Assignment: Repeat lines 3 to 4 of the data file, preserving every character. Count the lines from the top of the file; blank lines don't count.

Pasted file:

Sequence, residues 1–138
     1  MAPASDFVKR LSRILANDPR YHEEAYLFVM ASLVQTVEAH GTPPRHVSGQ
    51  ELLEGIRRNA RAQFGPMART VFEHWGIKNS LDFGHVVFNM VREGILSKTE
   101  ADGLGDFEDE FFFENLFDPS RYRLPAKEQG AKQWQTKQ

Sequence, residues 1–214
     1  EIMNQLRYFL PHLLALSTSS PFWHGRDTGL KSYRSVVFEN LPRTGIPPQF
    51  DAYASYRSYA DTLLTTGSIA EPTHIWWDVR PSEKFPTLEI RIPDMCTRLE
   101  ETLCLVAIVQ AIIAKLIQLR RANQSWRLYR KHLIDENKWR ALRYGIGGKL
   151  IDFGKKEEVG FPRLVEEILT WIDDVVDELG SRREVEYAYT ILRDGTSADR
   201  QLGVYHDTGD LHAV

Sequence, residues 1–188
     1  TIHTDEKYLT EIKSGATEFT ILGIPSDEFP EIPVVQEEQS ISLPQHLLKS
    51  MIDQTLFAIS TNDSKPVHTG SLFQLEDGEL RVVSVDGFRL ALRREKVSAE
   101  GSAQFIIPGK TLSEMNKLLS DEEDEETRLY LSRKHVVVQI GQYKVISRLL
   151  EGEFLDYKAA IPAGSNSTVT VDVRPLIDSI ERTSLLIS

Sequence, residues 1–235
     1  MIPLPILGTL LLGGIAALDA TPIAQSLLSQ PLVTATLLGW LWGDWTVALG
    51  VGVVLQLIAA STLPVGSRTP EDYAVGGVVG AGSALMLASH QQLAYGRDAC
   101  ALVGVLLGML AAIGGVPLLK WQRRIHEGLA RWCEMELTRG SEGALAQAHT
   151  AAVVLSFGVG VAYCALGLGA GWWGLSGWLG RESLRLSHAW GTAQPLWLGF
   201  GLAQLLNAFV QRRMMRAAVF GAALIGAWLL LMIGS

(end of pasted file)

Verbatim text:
    51  ELLEGIRRNA RAQFGPMART VFEHWGIKNS LDFGHVVFNM VREGILSKTE
   101  ADGLGDFEDE FFFENLFDPS RYRLPAKEQG AKQWQTKQ